But then about a week later, I got an email from my father. He was walking by the computer when my sister was looking at my pictures and chatting with me. So he got my email address from her, and wrote to me.

And then I turned off my Adium for a while, and let that message cycle out of my inbox. Three days went by, and I got another email from him saying, well it had been a WEEK and he hasn’t heard from me! What was wrong? Did he send it to the wrong address?? He was going to send it again just to be sure.

I let another week go by. I waited 22 years for him to write me back. Hell if I wasn’t going to keep him hanging for a while. Because when he emailed me, everything came rushing to the surface. All of the thoughts about how his absence may have affected my life. About my totally neurotic dating habits. How I can only fall for guys who are unavailable, and when they are available I run away. If they come chasing after me, I push them away as hard as I possibly can. About my utter dislike and disregard for authority, and my inability to not tell people exactly what I think no matter who they are or what power they have. But it’s not just the flaws — I sometimes wonder if the things I like most about myself should be attributed to his absence as well: My independence, my resilience, my fearlessness, my unrelenting need to succeed no matter what. Like maybe if I did have a father to coddle me when I was younger, I wouldn’t know how to take on the world head first and have the confidence to get anywhere, or worse, maybe I wouldn’t want to. Maybe instead of wanting to build my own empire right now, I would be focused on marrying into someone else’s.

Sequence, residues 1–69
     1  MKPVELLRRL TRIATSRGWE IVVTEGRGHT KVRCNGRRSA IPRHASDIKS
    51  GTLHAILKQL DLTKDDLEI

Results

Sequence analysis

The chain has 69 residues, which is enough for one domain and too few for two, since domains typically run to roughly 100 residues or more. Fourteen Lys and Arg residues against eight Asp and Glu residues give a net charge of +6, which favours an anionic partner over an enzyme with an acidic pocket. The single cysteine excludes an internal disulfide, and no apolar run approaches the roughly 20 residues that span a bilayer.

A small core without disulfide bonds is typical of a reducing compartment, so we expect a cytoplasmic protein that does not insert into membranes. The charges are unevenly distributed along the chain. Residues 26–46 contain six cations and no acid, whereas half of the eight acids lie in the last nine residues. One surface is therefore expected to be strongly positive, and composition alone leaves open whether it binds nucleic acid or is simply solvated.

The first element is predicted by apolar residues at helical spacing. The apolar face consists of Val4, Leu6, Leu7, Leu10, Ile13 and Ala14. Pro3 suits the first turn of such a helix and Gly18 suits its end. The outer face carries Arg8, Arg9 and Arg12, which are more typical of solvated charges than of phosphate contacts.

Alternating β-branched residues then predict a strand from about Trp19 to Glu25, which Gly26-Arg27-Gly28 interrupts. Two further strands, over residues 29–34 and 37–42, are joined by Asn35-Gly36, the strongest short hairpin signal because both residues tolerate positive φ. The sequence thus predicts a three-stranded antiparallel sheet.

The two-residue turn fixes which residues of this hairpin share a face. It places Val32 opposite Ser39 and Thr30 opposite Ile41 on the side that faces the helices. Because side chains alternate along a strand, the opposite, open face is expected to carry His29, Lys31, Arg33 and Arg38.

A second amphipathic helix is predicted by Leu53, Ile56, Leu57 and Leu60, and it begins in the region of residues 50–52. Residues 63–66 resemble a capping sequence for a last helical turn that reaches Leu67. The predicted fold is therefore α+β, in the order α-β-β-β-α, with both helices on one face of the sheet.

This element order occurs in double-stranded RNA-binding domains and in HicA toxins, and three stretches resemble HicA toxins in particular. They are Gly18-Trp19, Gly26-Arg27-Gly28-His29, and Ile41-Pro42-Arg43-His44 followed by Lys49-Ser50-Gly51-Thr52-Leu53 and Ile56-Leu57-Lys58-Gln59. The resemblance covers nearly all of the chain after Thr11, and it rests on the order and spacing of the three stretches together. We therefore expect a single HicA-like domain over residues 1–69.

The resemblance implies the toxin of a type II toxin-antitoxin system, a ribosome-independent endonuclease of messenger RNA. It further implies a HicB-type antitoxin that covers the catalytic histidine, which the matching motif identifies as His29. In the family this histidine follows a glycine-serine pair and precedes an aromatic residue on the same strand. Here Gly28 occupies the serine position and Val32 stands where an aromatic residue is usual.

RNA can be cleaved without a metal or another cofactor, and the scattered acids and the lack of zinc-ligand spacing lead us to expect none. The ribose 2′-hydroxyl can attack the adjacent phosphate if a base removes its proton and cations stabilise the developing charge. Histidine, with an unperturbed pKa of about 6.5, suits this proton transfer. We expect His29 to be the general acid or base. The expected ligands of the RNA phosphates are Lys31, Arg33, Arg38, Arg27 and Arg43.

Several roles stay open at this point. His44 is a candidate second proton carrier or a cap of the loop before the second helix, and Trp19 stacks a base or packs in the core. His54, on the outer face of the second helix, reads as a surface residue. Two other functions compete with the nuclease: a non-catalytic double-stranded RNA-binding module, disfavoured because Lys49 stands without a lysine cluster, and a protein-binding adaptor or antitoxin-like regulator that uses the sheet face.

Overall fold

And then finally I decided that I would let it go. I’ve been angry at that situation all my life, and where, when I was younger, I might not have been able to respond to him without letting my anger consume me, I’m an adult now, and I think it’s time to let it go and give the guy a chance. At the very least he’s contributed half of my genes, and I’m curious to find out where the similarities and differences really are. At the most, there’s the chance that this could turn into something quasi meaningful, which is better than nothing. And I know I would regret it if, having the chance, I would have lived my whole life without meeting him. You never know when it’s going to be too late.

So I wrote him back, and we’ve been corresponding. And earlier today, I booked a flight so that June 14th I’m going to Haiti to meet my dad and my sister. I would blog about it, but I heard the Internet isn’t too stable there…

5 thoughts on “In which The Millikan will journey to meet her maker

  1. scribbler50

    Truly amazing!
    Things do happen for a reason, Arikia, and (if I may throw in my two measly cents) I think you’re doing the right thing in making this connection. This is part of your real life’s drama and, by the way you described who you’ve turned out to be and who you’re not and why, it sounds like you’re more than prepared to handle your role in this. I wish you luck. I grew up without a pop, made amends near the end of his life and never regretted it. In fact I cherish it. (But that’s my drama.)
    All the best.